Water Quality and the Rusty Crayfish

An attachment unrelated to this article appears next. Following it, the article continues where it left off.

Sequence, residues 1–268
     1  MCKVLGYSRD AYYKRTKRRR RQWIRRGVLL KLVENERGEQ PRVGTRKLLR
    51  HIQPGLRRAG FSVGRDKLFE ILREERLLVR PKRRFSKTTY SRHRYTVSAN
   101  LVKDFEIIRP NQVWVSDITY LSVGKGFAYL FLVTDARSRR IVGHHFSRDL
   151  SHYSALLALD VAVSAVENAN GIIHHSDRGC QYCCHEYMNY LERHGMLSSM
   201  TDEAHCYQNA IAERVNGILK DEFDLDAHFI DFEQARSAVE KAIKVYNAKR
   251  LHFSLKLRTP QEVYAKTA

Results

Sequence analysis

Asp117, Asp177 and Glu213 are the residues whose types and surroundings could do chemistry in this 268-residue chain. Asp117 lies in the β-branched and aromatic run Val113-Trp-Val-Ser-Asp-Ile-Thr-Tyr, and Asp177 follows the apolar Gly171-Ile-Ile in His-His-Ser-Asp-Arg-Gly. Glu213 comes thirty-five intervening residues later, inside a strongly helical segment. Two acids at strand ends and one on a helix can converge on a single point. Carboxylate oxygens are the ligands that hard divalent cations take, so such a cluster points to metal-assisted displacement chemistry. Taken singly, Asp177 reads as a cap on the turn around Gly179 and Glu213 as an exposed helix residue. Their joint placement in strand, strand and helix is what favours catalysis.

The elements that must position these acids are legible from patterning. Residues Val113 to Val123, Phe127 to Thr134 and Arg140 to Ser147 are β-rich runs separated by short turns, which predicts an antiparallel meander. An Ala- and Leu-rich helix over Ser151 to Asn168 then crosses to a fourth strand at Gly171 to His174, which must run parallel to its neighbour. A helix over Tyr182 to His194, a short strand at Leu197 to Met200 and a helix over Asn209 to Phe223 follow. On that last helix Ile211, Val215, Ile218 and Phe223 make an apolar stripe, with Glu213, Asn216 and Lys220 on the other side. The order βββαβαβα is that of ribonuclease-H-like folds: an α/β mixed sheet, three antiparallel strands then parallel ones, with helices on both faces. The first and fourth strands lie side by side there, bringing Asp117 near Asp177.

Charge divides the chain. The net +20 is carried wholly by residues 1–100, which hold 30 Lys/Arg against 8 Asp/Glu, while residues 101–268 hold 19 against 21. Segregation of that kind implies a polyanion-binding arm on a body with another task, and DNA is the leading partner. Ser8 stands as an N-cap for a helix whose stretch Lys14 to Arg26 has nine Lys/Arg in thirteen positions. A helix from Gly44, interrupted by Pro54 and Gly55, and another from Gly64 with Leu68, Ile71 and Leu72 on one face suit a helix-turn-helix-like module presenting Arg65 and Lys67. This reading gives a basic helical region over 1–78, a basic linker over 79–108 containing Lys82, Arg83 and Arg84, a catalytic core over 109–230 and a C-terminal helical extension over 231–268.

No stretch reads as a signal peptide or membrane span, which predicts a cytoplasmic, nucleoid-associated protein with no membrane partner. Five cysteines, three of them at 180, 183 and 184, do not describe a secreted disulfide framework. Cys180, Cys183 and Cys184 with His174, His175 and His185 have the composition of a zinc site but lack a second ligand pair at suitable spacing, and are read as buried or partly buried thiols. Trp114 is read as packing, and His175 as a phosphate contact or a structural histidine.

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The Rusty Crayfish (Orconectes rusticus) is an invasive species that is native to Ohio but has spread all over the continental United States. As it has spread, it has outcompeted other species of crayfish and other organisms. This has lead to a decline in the species native to the areas where the Rusty has invaded. Because of the continuous spread of the Rusty, the goal of this study was to study two different bodies of water (that have the Rusty crayfish in them) to see if there was a different in the water parameters. The bodies of water that were studied were Lake Michigan and the Pike River, which is a river that runs through Racine and Kenosha counties in Wisconsin, United States. The goal was to determine which location is closest to the ideal conditions for the Rusty crayfish to reach its realized niche. Knowing which area is better for the Rusty, I thought that it would be helpful to focus on preventing that area from getting more individuals of the Rusty and use that body of water as a place to start preventing the Rusty from spreading to other waterways near it. The data was collected on three different days in three different months. The results showed that the bodies of water were more similar than different. However, with a cautious conclusion, the Pike River had better water quality parameters than Lake Michigan. This study showed that there is more water quality conditions in common with the Pike River and Lake Michigan, than originally thought.